Why Are Mortgage Rates Different?

June 30, 2011 No Comments »

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Mortgage rate Q&A: “Why are mortgage rates different?”

Why is the sky blue? Why are clouds white? Why won’t your neighbor trim their tree branches?

These are all good questions, and ones that often puzzle even the most savvy of human beings.

First things first, take a look at how mortgage rates are determined to better understand how banks and mortgage lenders come up with interest rates to begin with.

From there, you’ll need to consider why mortgage rates are different for consumer A vs. consumer B.

No One Size Fits All for Mortgage Rates

Mortgages are complicated business, and there certainly isn’t a one-size-fits-all approach in this industry.

First off, there are hundreds of different banks, lenders, and credit unions that offer mortgages, some of them entirely unique.

These companies compete with one another to offer the lowest rate or the best customer service. The well-known names might offer higher rates in exchange for their perceived trust and familiarity.

Meanwhile, the smaller guys might offer rock-bottom rates to simply stay in contention with the big players.

Along with that, every loan scenario is different (just like a snowflake), and must be priced accordingly to factor in mortgage default risk (risk-based pricing).

Put simply, the more risk, the higher the mortgage rate. But that’s just the tip of the iceberg.

Mortgage Rates Vary Based on the Loan Criteria

Mortgage rates don’t exist in a bubble – the parts affect the whole.

Banks and lenders start with a base interest rate (par rate) and then either raise it or lower it (rarely) based on the loan criteria.

There are loan pricing adjustments for all types of stuff, including:

· Loan amount
· Documentation (full, limited, or stated)
· Credit score
· Occupancy
· Loan Purpose (purchase or refinance)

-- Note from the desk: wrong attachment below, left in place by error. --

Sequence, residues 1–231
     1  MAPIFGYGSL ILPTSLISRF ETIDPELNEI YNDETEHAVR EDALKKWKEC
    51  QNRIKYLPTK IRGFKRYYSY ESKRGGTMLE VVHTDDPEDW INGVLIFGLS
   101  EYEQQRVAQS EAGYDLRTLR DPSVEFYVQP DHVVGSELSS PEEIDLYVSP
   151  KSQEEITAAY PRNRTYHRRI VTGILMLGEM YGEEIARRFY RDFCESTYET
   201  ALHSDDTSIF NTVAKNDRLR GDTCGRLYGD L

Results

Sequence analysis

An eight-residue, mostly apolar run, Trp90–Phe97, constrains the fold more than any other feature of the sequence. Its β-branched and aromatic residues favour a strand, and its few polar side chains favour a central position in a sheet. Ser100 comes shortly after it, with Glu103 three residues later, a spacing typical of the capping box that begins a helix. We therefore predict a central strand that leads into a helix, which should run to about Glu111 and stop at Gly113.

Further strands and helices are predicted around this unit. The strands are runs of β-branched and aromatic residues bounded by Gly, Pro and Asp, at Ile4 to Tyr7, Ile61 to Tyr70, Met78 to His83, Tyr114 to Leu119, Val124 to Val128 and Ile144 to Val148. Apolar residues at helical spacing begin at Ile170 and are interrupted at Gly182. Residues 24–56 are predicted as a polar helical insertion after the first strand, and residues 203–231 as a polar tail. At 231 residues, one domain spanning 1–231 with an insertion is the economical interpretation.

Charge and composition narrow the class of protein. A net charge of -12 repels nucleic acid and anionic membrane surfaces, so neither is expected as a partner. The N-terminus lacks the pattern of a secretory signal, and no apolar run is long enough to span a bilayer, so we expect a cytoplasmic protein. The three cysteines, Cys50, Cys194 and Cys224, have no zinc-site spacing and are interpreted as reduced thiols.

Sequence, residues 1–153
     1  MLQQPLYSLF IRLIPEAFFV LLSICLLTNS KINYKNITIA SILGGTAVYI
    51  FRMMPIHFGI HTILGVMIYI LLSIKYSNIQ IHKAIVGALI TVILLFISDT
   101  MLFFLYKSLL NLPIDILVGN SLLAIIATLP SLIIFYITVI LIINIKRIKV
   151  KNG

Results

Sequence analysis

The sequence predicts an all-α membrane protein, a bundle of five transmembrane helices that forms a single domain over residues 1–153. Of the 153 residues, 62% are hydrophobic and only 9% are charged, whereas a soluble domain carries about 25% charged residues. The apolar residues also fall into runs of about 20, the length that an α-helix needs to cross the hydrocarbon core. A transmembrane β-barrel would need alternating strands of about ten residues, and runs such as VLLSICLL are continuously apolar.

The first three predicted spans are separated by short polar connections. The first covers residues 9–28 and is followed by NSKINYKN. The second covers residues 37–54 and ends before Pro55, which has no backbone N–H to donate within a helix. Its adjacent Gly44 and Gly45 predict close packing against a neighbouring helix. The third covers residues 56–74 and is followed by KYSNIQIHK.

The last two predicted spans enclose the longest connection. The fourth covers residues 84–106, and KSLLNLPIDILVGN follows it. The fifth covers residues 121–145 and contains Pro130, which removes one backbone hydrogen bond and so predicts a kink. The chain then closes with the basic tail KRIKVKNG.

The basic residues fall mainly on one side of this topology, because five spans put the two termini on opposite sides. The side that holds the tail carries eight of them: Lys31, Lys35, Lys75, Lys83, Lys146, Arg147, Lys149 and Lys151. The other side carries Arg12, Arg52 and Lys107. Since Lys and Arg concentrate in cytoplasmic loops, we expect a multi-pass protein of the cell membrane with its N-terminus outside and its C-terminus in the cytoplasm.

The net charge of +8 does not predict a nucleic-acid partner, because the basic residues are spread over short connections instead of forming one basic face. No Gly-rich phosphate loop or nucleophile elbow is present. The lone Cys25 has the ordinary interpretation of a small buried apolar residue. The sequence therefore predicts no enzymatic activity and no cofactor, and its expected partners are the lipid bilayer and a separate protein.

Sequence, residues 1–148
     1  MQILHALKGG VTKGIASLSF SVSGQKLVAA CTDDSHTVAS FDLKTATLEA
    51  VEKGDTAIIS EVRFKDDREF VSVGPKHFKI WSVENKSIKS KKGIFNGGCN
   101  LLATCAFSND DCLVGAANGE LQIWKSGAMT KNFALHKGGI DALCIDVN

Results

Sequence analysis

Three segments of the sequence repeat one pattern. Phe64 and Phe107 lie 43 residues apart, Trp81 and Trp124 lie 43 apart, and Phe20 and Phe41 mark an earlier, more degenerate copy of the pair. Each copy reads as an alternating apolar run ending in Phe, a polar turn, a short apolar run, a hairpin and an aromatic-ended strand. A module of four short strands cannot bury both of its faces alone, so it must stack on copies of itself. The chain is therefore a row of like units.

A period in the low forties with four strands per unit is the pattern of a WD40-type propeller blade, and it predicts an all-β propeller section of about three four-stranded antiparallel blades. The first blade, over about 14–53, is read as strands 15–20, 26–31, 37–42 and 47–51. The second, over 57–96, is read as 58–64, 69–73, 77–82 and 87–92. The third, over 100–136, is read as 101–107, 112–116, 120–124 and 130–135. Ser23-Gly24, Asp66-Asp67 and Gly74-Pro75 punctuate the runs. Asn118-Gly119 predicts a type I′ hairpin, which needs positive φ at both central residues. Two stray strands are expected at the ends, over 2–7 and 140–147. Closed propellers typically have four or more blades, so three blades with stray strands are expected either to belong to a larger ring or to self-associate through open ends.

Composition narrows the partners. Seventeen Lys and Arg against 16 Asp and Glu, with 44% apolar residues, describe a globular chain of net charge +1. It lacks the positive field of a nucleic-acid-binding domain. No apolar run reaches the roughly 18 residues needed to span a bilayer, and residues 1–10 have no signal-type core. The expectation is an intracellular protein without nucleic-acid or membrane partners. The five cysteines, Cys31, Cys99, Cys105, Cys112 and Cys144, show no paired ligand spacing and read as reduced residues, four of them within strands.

· Debt-to-Income Ratio
· Property Type
· Loan-to-value / Combined loan-to-value

The more you’ve “got going on,” the higher your mortgage rate will be. And vice versa.

I’ve already covered a few related topics, including why mortgage rates rates are higher for condos and investment properties.

Mortgage rates also tend to be higher on jumbo loans and refinance transactions, especially those involving cash-out.

Advertised Mortgage Rates Are Best Case Scenario

You know those mortgage rates you see on TV or on the Internet?

Those assume you’ve got an owner-occupied single family home, a perfect credit score, a huge down payment, and a conforming loan amount. Not to mention a newborn golden retriever.

Most people don’t have all those things, and as a result, they’ll see different mortgage rates. And by “different,” I mean higher.

How much higher depends on all the factors listed above.  So take the advertised rates you see with a huge grain of salt.

All the more reason to shop around.  Compare mortgage rates online and speak with a mortgage broker or two.

Once you’ve done that, check mortgage rates with your local bank or credit union (how to find the best mortgage rates).

Don’t be one of the many that obtain just one mortgage quote, because you’ll end up paying too much.

Read more: What mortgage rate can I expect?

Compare Today’s Mortgage Rates

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